Postscript on "The Serious Consequences of Word Games": The Signaling Game around the "Final Opportunity" of Security Council Resolution 1441

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German Law Journal. Volume 11, Number 8 (2010), p. 943-963.


Iraq; Resolution 1441; Security Council Resolution; UN; War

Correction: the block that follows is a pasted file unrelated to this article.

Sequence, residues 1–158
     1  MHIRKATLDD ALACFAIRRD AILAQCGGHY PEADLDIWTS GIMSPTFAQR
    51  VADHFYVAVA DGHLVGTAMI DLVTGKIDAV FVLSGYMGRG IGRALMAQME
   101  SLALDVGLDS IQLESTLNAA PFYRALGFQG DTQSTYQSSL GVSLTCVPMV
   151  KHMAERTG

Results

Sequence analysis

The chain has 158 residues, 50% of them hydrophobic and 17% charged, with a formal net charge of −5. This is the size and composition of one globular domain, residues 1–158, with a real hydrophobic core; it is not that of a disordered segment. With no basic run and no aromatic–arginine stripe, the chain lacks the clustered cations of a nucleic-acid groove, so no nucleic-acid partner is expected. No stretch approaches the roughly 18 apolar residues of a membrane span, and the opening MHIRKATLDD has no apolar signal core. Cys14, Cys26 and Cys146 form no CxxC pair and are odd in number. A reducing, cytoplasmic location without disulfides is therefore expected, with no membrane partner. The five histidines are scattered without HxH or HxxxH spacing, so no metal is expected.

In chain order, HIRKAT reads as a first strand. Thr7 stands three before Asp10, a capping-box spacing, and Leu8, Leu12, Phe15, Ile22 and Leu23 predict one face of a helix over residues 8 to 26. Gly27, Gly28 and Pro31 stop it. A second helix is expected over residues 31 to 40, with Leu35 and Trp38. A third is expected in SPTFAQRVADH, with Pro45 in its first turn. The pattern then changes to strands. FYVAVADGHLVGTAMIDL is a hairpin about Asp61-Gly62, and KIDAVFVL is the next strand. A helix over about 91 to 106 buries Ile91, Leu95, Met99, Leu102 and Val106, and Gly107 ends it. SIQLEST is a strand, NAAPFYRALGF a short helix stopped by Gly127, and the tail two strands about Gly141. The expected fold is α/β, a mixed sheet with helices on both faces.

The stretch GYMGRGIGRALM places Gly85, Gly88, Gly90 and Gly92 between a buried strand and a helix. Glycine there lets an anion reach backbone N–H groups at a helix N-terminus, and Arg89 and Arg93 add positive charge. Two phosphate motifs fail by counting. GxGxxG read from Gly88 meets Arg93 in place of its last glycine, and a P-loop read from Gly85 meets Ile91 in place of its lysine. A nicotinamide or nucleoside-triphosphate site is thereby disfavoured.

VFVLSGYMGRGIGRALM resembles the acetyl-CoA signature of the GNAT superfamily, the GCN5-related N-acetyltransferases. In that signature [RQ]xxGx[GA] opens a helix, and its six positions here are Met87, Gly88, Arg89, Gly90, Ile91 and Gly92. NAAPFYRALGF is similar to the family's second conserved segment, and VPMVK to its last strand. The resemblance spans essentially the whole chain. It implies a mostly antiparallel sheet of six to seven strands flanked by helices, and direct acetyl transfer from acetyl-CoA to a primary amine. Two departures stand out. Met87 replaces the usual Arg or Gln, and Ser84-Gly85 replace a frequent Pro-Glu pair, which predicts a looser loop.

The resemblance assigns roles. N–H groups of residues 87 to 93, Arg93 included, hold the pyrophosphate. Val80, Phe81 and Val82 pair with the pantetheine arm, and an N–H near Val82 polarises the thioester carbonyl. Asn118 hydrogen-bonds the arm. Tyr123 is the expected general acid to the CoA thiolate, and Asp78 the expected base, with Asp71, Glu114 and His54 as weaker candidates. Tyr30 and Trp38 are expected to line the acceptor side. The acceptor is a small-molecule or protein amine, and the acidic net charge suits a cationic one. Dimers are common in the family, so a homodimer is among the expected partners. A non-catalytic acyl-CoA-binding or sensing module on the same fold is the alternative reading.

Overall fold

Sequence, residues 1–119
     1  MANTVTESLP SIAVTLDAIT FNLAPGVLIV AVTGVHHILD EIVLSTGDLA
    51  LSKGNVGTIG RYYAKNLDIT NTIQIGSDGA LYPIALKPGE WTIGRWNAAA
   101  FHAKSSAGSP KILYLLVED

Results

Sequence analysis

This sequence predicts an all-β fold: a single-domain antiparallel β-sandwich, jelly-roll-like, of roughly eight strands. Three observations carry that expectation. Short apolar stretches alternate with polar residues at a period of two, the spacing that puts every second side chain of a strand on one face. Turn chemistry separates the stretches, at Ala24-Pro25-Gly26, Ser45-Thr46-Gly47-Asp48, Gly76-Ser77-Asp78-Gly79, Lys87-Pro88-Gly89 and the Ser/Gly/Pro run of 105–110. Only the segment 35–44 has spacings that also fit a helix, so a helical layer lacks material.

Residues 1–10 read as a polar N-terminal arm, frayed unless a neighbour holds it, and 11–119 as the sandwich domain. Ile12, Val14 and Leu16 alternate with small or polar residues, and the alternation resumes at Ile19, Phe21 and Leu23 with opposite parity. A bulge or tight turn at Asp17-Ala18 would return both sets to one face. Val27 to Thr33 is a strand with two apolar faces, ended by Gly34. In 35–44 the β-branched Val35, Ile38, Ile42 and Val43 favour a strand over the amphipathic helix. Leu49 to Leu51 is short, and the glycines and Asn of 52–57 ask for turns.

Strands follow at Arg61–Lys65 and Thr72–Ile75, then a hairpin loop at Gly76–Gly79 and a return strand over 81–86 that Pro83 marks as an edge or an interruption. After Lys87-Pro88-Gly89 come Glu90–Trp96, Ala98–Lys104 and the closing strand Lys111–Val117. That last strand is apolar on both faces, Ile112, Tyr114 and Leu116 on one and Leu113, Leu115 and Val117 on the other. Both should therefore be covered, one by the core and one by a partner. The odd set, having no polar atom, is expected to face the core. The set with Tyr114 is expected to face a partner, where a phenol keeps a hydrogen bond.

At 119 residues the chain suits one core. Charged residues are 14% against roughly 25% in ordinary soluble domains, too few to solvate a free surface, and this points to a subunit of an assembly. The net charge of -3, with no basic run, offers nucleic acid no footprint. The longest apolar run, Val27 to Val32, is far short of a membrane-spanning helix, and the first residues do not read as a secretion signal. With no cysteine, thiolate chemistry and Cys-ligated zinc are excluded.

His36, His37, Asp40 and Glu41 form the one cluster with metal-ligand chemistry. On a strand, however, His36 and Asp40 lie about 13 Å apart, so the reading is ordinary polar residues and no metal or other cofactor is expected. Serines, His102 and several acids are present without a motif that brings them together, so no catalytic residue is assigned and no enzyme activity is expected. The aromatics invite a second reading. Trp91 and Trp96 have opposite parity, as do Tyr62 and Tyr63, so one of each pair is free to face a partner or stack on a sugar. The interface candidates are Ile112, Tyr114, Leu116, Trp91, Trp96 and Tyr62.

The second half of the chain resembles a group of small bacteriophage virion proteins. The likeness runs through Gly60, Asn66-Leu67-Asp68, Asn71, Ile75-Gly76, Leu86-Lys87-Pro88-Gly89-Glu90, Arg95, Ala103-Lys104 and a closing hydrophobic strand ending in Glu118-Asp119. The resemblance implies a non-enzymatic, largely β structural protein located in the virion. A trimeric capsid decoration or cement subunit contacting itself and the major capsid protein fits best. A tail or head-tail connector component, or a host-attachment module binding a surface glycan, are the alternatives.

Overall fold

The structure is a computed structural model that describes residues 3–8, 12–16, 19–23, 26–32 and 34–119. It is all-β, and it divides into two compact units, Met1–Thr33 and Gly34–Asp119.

This essay is intended to be read as a supplement to the article “Iraq and the Serious Consequences of Word Games: Language, Violence and Responsibility in the Security Council,” which was published in the German Law Journal in 2002. The date of publication of the 2002 article (1 November) was exactly one week before the Security Council voted on Resolution 1441 (8 November). Resolution 1441 subsequently became (and has remained) the site of interpretative debate on the question of whether states, notably the US and the UK, needed express authorization in a new (post-Resolution 1441) Security Council resolution in order for the invasion of Iraq in 2003 to have been lawful. As the original essay was able to take into account the evolution of negotiations only up to 28 October 2002, before going to press, the present essay continues the narrative by tracing the trajectory of Resolution 1441’s textual language from the provisions of the first US–UK draft (of October 21, 2002) to the final form that Security Council Resolution 1441 took when adopted on 8 November 2002. The article also digests, primarily by way of two charts, the positions taken by key States on the meaning of Resolution 1441 after its adoption. The focus is the explanation of vote by each of the 15 Security Council members as well as two collective statements by France and Russia, joined by China in one case and by Germany in the second case. As noted briefly in the article, the normative politics of word games identified in the original and the present German Law Journal article is relevant, inter alia, to any legal analysis that the UK Iraq Inquiry may carry out as part of its eventual report of the involvement of the UK in the war.

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